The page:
Like a Local: Kyoto’s Quirky Bars

by Abigail Mattingly  |  Published August 23, 2018

Hiding among the old, cobbled pavements and traditional wooden ‘machiya’ buildings, Japan’s ancient capital hosts its “behind-closed-doors” night life.

The evening streets of Downtown Kyoto (Photo: Israel Gonzalez via Flickr)

Although drinking and entertaining for pleasure is far from taboo in Kyoto, the city’s history is built upon tales of sneaking between the narrow streets, fluttering from behind one masked door to another, and its artistry of privacy is what gives the city its excitement. With the secrecy and concealment ingrained into its very existence, Kyoto’s nightlife takes on the same, secretive vibe. These closed doors leave much to be discovered.

Unnamed Bar

Candlelit drinks at a no-name bar (Photo: Abigail Mattingly)

This bar genuinely has no name, and that’s what makes it so fun. It technically doesn’t even exist. Set up in a small attic of a narrow Kyoto town house, the bar is lit by candlelight and has no electricity supply. There’s no menu, either, but they’re usually well-stocked with liquor, so pick your poison and imbibe the intimate atmosphere with their unbranded salted popcorn served with every drink. You won’t get to this bar without help from a local, so get making friends and asking around if you want to find it.

Directions: ask a local! Hint: it’s in the Gion district along the river.

L’Escamoteur Bar

Drinks being served at L’Escamoteur Bar (Photo: L’Escamoteur Bar)

L’Escamoteur Bar brings in a taste of Europe whilst retaining Kyoto’s charm, by offering vintage-styled cocktails, including their own ‘Charlie Chaplin’ cocktail, and ‘L’antidote’, perfect for taking the edge off. Tucked neatly among the rows of town houses on a narrow street along the Kawa River with its tagline ‘Elixirs and Mystery’, L’Escamoteur Bar brings a light and fun atmosphere to Kyoto’s nightlife.

138-9 Saisekidori, Shijosagaru, Saitocho, Shimogyo-ku


Inside ING Bar (Photo: ING Bar)

What makes this bar so special isn’t the drinks, the environment, or even the place itself; it’s the owner. ING Bar, Kyoto, is owned by a long-haired Japanese man who lives and breathes his bar, and his passion brings everything to this place. ING is styled as a cosy punk-rock cabin with the music to match: and the owner knows his music. He loves everything from Serge Gainsbourg to The Rolling Stones, and will try his best to cater to any music request. He’ll stay up as late as you will, so take it easy on him!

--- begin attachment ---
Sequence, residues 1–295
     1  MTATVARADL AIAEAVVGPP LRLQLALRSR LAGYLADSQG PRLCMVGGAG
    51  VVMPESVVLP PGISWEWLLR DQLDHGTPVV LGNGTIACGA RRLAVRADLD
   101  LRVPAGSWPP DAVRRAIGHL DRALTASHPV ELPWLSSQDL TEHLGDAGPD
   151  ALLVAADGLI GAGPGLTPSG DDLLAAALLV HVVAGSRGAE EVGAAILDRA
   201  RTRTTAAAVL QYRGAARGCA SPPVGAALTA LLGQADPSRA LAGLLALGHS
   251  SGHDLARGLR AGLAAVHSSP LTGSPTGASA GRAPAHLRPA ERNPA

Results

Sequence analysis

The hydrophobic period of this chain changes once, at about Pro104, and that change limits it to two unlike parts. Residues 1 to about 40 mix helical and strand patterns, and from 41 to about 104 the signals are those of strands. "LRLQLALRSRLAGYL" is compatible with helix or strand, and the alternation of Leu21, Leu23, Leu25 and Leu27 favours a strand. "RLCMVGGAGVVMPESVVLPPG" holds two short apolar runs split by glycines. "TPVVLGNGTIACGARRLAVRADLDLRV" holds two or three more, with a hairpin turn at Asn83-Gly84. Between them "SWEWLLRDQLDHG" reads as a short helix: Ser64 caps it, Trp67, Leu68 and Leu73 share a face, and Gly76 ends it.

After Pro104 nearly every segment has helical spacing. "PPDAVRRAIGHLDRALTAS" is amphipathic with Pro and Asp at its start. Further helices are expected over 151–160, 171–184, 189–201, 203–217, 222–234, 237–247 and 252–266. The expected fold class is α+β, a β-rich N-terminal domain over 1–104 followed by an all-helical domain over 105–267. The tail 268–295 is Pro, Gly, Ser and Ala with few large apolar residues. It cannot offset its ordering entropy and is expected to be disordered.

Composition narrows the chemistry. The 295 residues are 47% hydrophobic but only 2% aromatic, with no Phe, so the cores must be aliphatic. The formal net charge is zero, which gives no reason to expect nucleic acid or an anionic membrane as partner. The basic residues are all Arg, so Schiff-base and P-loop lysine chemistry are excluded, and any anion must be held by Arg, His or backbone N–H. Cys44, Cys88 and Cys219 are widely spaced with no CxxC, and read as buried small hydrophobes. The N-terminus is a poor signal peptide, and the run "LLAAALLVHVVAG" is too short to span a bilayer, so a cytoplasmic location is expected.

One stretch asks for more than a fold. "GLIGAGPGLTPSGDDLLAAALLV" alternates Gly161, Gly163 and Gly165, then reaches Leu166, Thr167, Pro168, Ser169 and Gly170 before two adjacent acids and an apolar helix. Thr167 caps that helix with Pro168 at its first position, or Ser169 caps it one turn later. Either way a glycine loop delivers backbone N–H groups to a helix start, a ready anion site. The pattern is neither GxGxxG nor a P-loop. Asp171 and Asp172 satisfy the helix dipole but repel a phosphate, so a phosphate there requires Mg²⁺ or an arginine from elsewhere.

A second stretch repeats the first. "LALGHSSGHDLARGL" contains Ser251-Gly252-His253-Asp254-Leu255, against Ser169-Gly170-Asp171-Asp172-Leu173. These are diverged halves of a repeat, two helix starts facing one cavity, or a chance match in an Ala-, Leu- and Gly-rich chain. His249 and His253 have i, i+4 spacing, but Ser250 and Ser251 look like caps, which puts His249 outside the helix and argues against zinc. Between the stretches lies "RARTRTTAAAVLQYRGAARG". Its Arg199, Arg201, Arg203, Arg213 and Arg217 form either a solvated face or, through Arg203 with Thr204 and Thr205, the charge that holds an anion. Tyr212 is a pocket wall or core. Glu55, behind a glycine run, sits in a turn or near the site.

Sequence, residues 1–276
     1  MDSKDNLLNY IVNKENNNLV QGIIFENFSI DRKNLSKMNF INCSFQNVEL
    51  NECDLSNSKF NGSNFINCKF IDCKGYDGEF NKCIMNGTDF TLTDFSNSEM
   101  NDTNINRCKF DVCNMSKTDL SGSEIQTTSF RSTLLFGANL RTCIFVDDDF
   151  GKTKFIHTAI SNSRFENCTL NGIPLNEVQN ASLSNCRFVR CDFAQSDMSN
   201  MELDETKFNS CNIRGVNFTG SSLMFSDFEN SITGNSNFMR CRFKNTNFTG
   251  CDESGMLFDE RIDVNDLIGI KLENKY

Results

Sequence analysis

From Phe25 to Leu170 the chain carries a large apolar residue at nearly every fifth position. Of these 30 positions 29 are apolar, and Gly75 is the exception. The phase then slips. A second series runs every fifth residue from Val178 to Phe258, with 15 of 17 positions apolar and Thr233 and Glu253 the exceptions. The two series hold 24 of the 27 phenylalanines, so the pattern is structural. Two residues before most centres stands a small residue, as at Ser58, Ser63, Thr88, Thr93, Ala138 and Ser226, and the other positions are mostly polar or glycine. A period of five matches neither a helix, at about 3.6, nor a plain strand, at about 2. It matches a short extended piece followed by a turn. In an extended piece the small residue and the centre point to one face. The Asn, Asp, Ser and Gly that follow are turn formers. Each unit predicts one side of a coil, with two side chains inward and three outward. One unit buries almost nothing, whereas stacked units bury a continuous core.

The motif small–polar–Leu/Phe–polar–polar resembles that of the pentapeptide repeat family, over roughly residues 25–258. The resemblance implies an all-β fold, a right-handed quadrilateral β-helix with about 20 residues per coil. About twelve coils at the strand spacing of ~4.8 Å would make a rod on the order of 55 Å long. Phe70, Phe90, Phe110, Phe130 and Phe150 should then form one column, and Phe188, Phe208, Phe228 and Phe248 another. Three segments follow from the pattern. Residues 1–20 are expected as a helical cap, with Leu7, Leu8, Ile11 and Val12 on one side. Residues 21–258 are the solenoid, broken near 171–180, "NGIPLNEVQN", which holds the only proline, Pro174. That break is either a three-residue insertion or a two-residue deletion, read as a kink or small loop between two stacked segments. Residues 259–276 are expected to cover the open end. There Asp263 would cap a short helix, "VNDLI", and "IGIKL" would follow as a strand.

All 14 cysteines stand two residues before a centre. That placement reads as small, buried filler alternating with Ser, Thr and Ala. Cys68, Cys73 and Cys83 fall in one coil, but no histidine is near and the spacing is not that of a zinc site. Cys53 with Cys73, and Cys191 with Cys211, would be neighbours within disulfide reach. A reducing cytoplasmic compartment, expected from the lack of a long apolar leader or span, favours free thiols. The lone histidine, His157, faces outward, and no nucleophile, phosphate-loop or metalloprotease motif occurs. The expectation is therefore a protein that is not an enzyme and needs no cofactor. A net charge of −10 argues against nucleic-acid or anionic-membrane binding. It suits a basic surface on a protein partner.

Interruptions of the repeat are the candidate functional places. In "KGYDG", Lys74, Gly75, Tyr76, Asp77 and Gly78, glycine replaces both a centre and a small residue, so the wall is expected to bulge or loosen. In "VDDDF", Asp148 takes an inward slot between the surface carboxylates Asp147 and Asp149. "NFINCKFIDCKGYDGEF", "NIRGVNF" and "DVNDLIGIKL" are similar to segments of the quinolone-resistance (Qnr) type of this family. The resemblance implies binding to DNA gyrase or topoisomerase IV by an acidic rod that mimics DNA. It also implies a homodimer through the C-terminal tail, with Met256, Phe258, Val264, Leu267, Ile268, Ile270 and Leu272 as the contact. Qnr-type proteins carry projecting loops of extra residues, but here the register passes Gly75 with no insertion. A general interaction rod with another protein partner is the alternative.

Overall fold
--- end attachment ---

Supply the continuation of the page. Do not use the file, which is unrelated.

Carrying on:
288-201 Minami Kuruyamacho, Nishi Kiyamachidori Takoyakushi-Agaru

Bee’s Knees

Hidden behind a yellow door signed “Book Store”, Bee’s Knees is a speakeasy bar that combines the classic of a city library with the hospitality of a friend’s home. Bee’s Knees is the place to head for quirky cocktails and an eccentric style of service; the best of both is displayed in their cocktails ‘Not God Father’, which comes wearing a top hat, and the ‘Wa Smash’, served in a smoking wooden box.

364 Kamiyacho Kiyacho Shijo Agaru

Rub A Dub

Jamaican vibes at Rub A Dub (Photo: U-ichiro Murakami via Flickr)

Rub A Dub is everything you need it to be: a restaurant, a bar and a club. This surprisingly not misplaced Jamaican-styled bar offers dishes such as plantain fries and Caribbean chicken to fill you up, island cocktails to wash it down and regular live reggae performances to end the evening dancing.

115 BF Tsujita Building, Ishiyacho, Kiyamachi Dori Sanjo Sagaru

Ringo Bar

A must for Beatles fans, Ringo Bar is an underground Beatles themed bar, complete with small busts of the band and packaged LPs. More popular for its 60’s music, Beatles décor and pub-food than its standard selection of liquor, Ringo Bar’s best-sellers are their pizza and steaks with a freshly pulled pint.

23 Tanaka Monzencho Sakyo-Ku

Liquor Museum

Containing walls lined with everything from Yamazaki to Jack Daniels, the Liquor Museum provides you a unique chance to analyse the fine wines and whiskeys of Japan and beyond. With knowledgeable staff, a daily happy hour and a fitting selection of food, paired to go with suggested alcohols, the Liquor Museum is both a history lesson and a drinking session.

79 Mikuracho, Nakagyo-ku, 2F Fumitsubaki Building